Korean Cucumber Salad (Oi Saengchae)

cucsaladpBack to Korean cuisine! With its refreshing subtle flavours cucumber has endless serving or cooking possibilities. Thanks to it high water content and almost zero calorie count, it is also one of the best weight-controlling allies I know. This recently discovered Korean spicy salad is one more fantastic dish I am proudly adding to my collection of cucumber recipes. 

I found this salad in Hi Soo Shin Heppinstall’s Growing Up in a Korean Kitchen, one of the biggest gems in my culinary library (Stir-Fried Pork Loin, Mung Bean Sprouts Salad or Kimchi Soup are other amazing dishes realised thanks to the same fascinating source). I have seen several Korean cucumber salads on the web, but this one has particularly attracted my attention, first because of the paper-thin cucumber slicing and, most of all, with the presence of walnuts, regularly used in Hi Soo Shin Hepinstall’s dishes. Having used walnuts in some other Korean dishes (such as Cold Bibimbap), I think that apart from the crunchiness, their slight astringency adds an invaluable touch to the typically Korean hot and sweet flavours’ combination. Even though the author suggests almonds as a replacement for walnuts, I would not advise it (unless you hate walnuts, of course).

If you look for other cucumber serving ideas, you might like these:

Cucumber Stir-Fried with Chicken
Cucumber Stir-Fried with Chicken
Easy Cucumber Kimchi (Oi Kimchi)
Easy Cucumber Kimchi (Oi Kimchi)
Cucumber Fried with Perilla (Shiso)
Cucumber Fried with Perilla (Shiso)
Pickled Dill Cucumber
Pickled Dill Cucumber
Moomins' Pickled Cucumber Salad
Moomins’ Pickled Cucumber Salad
Kyuuri no Kyuuchan (Jap. Cucumber with Soy Sauce and Ginger)
Kyuuri no Kyuuchan (Jap. Cucumber with Soy Sauce and Ginger)
Feta, Apple and Cucumber Salad with Yogurt
Feta, Apple and Cucumber Salad with Yogurt

TIP: This salad can be served straight away, but it is at its best the following day (the flavours develop and the cucumber becomes slightly pickled), so it’s best to prepare it in advance.

Special equipment: a mandolin is very handy to obtain paper-thin slices

Preparation: 20 minutes


1 big long cucumber (or the equivalent in shorter cucumbers, weighing about 500 g/about 1 lb)

1 teaspoon salt


4 tablespoons rice vinegar

1 teaspoon rice wine (I have used sake)

1 tablespoon sesame oil

4 tablespoons of chopped white and light green parts of green onion

2 walnut kernels, finely chopped

1 heaped teaspoon toasted sesame seeds

1/2 small clove garlic, finely chopped

1 teaspoon Korean chilli powder

1 teaspoon sugar

1/2 teaspoon freshly ground black pepper

1 teaspoon finely chopped Korean parsley (I have used shiso/perilla leaves which have nothing in common, but they pair well with cucumber)


(chilli threads for decoration)

If you use a big long cucumber, cut it horizontally in two and then slice thinly with a mandolin (you should obtain paper-thin transparent slices).
If you have short cucumbers, don’t slice them horizontally, but simply slice whole.

Put the cucumber slices in a bowl, sprinkle some salt and mix well with your hands.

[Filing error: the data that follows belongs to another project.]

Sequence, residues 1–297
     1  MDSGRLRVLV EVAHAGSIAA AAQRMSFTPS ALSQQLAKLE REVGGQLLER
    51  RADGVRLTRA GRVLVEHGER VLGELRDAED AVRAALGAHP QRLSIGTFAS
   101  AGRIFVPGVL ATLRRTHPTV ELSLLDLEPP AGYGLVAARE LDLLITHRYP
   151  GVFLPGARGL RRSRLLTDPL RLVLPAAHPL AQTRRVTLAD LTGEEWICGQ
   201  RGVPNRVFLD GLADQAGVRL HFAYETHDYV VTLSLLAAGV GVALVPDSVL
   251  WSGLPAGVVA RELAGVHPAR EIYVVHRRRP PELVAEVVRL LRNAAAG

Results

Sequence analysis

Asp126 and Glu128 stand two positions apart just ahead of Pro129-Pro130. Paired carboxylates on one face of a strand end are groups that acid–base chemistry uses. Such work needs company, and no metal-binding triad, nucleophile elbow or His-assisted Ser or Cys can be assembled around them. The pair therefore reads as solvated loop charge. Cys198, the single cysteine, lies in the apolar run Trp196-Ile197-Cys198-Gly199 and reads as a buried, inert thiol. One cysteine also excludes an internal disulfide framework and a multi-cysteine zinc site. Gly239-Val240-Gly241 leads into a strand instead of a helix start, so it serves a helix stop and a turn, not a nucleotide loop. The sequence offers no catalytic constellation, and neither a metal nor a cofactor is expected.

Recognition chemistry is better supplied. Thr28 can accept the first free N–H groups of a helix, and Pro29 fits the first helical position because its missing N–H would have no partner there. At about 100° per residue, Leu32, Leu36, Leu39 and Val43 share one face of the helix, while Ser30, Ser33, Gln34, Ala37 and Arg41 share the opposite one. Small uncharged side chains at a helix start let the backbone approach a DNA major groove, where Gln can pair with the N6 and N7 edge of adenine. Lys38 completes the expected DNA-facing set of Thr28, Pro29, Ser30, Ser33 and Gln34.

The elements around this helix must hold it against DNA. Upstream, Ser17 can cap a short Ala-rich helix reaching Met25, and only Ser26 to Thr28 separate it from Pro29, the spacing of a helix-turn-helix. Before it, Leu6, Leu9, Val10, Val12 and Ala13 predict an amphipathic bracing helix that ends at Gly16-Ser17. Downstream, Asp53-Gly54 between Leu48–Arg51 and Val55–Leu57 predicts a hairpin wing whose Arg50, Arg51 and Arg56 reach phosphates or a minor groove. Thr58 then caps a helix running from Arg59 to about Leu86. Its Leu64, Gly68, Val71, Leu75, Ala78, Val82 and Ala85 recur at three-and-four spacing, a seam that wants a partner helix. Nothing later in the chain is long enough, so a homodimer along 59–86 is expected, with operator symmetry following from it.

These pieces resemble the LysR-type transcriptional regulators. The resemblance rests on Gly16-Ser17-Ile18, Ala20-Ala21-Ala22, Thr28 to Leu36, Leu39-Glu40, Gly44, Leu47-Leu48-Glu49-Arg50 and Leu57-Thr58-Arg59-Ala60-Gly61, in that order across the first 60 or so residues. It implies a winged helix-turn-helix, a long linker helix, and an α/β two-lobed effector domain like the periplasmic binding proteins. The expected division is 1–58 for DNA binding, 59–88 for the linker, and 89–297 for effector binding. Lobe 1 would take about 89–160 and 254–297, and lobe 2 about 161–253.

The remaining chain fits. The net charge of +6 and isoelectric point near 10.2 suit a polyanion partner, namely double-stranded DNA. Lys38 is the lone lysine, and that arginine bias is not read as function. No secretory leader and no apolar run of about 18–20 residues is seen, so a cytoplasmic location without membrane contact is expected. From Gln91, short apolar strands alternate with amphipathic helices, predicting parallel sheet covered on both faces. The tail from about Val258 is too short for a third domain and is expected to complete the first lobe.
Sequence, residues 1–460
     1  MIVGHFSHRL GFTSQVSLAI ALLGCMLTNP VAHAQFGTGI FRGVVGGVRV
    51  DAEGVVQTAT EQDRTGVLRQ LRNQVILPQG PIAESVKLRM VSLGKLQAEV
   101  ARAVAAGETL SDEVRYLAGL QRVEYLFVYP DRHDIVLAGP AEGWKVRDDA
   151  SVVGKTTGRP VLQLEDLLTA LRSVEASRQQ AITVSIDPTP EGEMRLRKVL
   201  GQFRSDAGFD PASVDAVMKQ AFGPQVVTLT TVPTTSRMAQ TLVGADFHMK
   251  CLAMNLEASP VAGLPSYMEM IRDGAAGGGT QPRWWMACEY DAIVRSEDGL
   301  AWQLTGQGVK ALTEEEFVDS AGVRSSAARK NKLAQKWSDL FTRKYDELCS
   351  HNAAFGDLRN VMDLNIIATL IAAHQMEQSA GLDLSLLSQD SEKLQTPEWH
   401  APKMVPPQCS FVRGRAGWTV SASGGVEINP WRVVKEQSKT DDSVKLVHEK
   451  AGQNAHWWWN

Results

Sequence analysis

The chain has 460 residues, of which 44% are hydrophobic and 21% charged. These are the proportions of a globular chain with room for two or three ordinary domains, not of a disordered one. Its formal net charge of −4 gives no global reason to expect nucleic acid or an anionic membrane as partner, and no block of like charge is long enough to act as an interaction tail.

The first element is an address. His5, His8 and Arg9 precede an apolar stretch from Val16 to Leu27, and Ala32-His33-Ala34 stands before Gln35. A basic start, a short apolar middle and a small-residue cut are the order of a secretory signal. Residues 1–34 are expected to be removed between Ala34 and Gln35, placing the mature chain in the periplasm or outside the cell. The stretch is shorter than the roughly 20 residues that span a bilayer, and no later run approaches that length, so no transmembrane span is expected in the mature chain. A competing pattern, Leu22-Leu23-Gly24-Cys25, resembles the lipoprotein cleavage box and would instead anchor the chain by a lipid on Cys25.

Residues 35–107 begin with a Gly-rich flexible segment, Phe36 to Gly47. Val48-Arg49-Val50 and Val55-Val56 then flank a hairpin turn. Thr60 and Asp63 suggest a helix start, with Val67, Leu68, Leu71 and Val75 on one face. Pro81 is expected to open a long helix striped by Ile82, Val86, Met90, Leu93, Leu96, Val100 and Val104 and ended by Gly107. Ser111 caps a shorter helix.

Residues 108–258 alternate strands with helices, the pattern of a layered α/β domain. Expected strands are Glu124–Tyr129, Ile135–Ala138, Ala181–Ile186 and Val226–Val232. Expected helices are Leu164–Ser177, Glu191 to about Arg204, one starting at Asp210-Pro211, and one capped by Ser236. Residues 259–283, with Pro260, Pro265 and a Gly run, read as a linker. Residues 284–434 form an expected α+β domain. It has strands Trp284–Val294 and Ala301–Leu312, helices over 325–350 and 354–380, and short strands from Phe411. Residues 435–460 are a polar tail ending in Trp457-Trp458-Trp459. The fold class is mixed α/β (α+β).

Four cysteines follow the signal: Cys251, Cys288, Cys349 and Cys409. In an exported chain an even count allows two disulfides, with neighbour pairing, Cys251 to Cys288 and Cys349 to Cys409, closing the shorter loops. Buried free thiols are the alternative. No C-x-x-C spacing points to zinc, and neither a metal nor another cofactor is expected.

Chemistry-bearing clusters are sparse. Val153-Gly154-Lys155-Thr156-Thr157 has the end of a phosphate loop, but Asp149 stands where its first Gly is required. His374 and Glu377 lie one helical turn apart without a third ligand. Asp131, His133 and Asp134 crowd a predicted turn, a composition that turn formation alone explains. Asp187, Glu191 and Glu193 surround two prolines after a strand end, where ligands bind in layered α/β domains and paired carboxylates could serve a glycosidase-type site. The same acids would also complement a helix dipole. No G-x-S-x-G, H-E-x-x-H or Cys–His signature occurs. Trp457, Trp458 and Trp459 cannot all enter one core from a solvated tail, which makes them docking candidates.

Leave them for 15 minutes.

Wrap the sliced cucumber(s) into paper towels and squeeze out as much water as you can.

Put the cucumber back to the bowl and combine with the remaining ingredients.

The salad can be served at once, but it’s best chilled (the author suggests chilling it overnight).

26 Replies to “Korean Cucumber Salad (Oi Saengchae)”

  1. So many healthy veggie dishes … I really wish I liked cucumbers more. 🙂

    Actually I WILL eat it in sushi rolls like the ones I had today. My nephew came over for a visit at noon, starved as usual, and gave me 15 minutes to throw on something presentable and then we went out for a moderate amount of sushi. By moderate, I mean not so full that I can have some dessert, ice cream. Which meant a ball each of mango and green tea for me, and a ball of red bean and tempura banana with chocolate sauce for my nephew.

    1. Banana tempura? It sounds very very unusual… I never buy cucumber maki sushi because they are ridiculously expensive for the cheap filling, but I do prepare cucumber and avocado maki sushi at home. They are delicious.

      1. My nephew took a picture of the banana dessert for me as it’s not one of my favourites but I forgot to have him download a copy to my hard drive. I’ll have to email him to send me a copy so I can post it before he leaves town.

        By the way, I finally made a Korean dish. You’ll laugh when you see what it is. Speaking of Korean dishes, have you ever seen the Korean cooking You Tube web site by Maangchi? I’d be interested in your opinion.


        1. I am glad you have started to discover the Korean cuisine. I have seen your cute seaweed snacks (actually I have commented on your post even before seeing this comment here 😉 telepathy I guess). Yes, I know Maangchi. I like her blog a lot and she has very good recipes. I have even posted here one of her recipes: http://www.withaglass.com/?p=15578 (Korean rice cakes in a spicy sauce), but I have also made some other of her recipes (not posted yet). The rice cakes are amazing… Luckily I don’t have access to them here (I have to go for a 90 min car ride) because I would eat them every day. They have a consistency similar to gnocchi, but even chewier…yummy!